Recipe: Pie Crust with Lard

YIELD: Makes 2 pie crusts with lattice topping

INGREDIENTS

5 cups unbleached all purpose flour

3 teaspoons sugar

2 teaspoon salt

1 cup chilled unsalted butter, cut into 1/2-inch cubes

1 cup chilled pork lard, cut into 1/2-inch cubes

10 tablespoons (or more) ice water

PREPARATION

Blend flour, sugar, and salt in processor. Add butter and lard; using on/off turns, blend until mixture resembles coarse meal. Transfer mixture to medium bowl. Add 5 tablespoons ice water and mix with fork until dough begins to clump together, adding more water by teaspoonfuls if dry. Gather dough together. Divide dough in half; flatten each half into disk. Wrap each disk in plastic and refrigerate at least 1 hour. DO AHEAD Can be made 3 days ahead. Keep refrigerated. If necessary, soften slightly at room temperature before rolling out.

Sausage of the Month: Seasoned Sausage for Holiday Stuffing

We’re helping our Kettle Club members check a few items off their  grocery lists this Thanksgiving! This month’s sausage is perfect for that holiday stuffing recipe just like mom use to make! Here’s a holiday favorite from us.

Ingredients

  • 1 stick unsalted butter, plus more for the baking dish
  • 2 pounds good-quality white sandwich bread, cut into 1-inch cubes (20 cups)
  • 4 inner celery ribs, finely diced (1 1/2 cups)
  • 2 large carrots, finely diced (1 cup)
  • 1 sweet onion, finely diced (2 1/2 cups)
  • 1-pound bulk pork sausage
  • 2 tablespoons chopped sage
  • 2 tablespoons chopped thyme
  • 3 cups Turkey Stock
  • Salt and freshly ground pepper

Directions

  1. Preheat the oven to 350° and butter a large baking dish. Spread the bread cubes on a baking sheet and toast for 25 minutes, stirring, until lightly browned and crisp.
  2. Meanwhile, in a large, deep skillet, melt the 1 stick of butter. Pour half of the butter into a small bowl and reserve. Add the celery, carrots and onion to the skillet and cook over moderately high heat, stirring occasionally, until softened and just beginning to brown, about 8 minutes. Scrape the vegetables into a large bowl. Add the sausage to the skillet in lumps and cook over moderately high heat, breaking it up with a spoon, until lightly browned and cooked through, about 6 minutes. Return the vegetables to the skillet, add the sage and thyme and cook for 1 minute. Add 1 cup of the stock and cook, scraping up any bits stuck to the pan, until nearly evaporated, about 5 minutes.
  3. Scrape the sausage mixture into the large bowl and add the toasted bread cubes. Add the remaining 2 cups of stock and stir until the bread is evenly moistened. Season with salt and freshly ground pepper. Spread the stuffing in the baking dish and brush with the reserved melted butter.
  4. Bake the stuffing in the center of the oven for about 1 hour, until it is heated through and the top is browned and crisp. Let the stuffing stand for 10 minutes before serving.

Recipe: Slow-Roasted Honey Glazed Pork

INGREDIENTS
1 cup plus 2 Tbsp. soy sauce, divided
¼ cup granulated sugar
3 Tbsp. chopped garlic
¼ cup chopped scallions
2 pounds boneless pork shoulder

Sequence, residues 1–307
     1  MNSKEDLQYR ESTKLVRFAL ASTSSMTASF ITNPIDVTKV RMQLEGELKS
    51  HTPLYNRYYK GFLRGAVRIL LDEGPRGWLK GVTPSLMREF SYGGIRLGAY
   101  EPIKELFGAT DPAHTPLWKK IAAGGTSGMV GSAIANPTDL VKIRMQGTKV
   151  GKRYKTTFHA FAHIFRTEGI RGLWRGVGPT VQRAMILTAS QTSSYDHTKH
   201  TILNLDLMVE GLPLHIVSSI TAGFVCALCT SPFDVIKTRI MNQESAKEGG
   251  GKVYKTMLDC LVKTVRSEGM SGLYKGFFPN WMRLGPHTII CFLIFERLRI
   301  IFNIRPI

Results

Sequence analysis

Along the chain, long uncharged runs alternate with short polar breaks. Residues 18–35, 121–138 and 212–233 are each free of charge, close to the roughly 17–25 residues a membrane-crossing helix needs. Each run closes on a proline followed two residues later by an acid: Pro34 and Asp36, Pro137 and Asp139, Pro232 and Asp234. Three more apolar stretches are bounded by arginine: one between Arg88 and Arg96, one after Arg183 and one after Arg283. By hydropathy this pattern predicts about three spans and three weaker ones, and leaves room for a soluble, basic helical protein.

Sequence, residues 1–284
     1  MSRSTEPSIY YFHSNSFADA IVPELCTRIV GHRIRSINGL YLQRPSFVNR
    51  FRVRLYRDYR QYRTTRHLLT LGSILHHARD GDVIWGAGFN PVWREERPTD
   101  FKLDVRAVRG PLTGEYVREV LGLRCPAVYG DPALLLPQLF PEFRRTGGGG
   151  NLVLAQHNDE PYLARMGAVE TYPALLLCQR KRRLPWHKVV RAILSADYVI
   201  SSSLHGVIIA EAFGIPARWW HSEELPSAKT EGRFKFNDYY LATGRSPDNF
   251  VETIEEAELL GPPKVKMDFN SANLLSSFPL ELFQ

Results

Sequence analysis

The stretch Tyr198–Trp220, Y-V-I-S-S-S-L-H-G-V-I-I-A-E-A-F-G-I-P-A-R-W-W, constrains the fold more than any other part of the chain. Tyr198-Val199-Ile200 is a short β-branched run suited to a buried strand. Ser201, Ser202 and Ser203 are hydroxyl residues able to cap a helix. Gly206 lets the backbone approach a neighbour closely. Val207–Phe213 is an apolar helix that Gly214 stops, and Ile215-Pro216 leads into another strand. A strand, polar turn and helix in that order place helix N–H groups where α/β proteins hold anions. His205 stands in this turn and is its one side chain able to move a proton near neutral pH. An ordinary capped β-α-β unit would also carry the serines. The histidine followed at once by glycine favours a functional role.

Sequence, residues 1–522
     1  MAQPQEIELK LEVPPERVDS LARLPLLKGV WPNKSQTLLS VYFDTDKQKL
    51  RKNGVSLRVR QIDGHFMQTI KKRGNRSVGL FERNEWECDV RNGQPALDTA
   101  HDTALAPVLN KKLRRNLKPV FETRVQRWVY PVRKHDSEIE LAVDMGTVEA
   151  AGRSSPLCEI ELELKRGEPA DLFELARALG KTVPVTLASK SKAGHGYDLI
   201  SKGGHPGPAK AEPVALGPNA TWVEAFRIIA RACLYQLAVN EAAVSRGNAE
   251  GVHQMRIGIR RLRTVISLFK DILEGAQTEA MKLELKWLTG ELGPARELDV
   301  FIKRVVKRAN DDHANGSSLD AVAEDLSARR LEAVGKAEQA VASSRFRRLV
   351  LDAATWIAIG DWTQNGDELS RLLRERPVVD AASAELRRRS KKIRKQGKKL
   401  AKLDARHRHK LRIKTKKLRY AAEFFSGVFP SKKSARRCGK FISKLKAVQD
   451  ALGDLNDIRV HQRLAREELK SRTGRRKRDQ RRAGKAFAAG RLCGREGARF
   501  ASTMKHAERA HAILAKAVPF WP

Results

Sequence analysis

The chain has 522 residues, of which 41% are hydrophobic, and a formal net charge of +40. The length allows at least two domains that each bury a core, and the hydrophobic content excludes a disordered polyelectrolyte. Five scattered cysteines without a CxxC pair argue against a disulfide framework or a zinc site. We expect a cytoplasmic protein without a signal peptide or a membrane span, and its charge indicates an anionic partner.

1 bunch asparagus, halved
6 Yukon potatoes, diced
1 cup packed dark brown sugar
½ cup honey

PREPARATION

In a large bowl, combine one cup of the soy sauce with the sugar, garlic, and scallions, stirring until mixed.

Place the pork in the marinade and toss to coat evenly. Marinate for one hour.

In a small bowl, combine the brown sugar, honey, and remaining soy sauce, stirring until smooth.

Place the pork and chopped vegetables in the slow cooker and spoon the honey glaze over the top of the, making sure to fill the cracks and crevices on top.

Cook on low heat for 3-4 hours. Once the pork is cooked through and tender, remove the vegetables and pork from the tray, making sure to save all the juices.

Slice the pork into ½-inch slices, and plate with the roasted vegetables. Spoon the reserved pan juices on top of the pork, and enjoy!

Sausage of the Month: Door County Cherry Bratwurst

As Wisconsin as cheese curds and beer, Door County cherry picking is a time-honored tradition. And Kettle Range is excited to incorporate these delectable gems of the peninsula in this month’s Kettle Club shares. Our butchers have prepared a seasonal bratwurst with tart cherries straight from Wisconsin’s cherry mecca.

Door County Cherries

The history of cherries in Door County runs deep. The first European settlers to the peninsula could rely on vegetable crops for sustenance farming but due to the rocky terrain of the landscape, found it challenging to yield anything more than what they needed to get by. The search began for a cash crop that would flourish in the rocky soils of Door County.

In the late 1860’s, a Swiss immigrant named Joseph Zettel arrived on the scene discovering that fruits like apple trees prospered in the area because the shallow soils left only a few feet from the roots to the bedrock. This provided adequate drainage for such fruits that are prone to root rot, a devastating plant disease.

The success of the apple trees attracted two University of Wisconsin horticulturists who began experimenting with other fruits such as plums, strawberries, raspberries and the most famous, cherries, which proved especially efficient at growing in Door County.

Door County cherry production continued to prosper and hit its peak in the 1950s with 700 cherry producers growing nearly 50 million pounds of cherries annually. Today, the Montmorency cherries that grow in Wisconsin account for 90% of all the tart cherries grown statewide.

Like Door County cherry picking season, these brats have a small window of availability. Don’t miss out on these seasonal Wisconsin delicacies in August!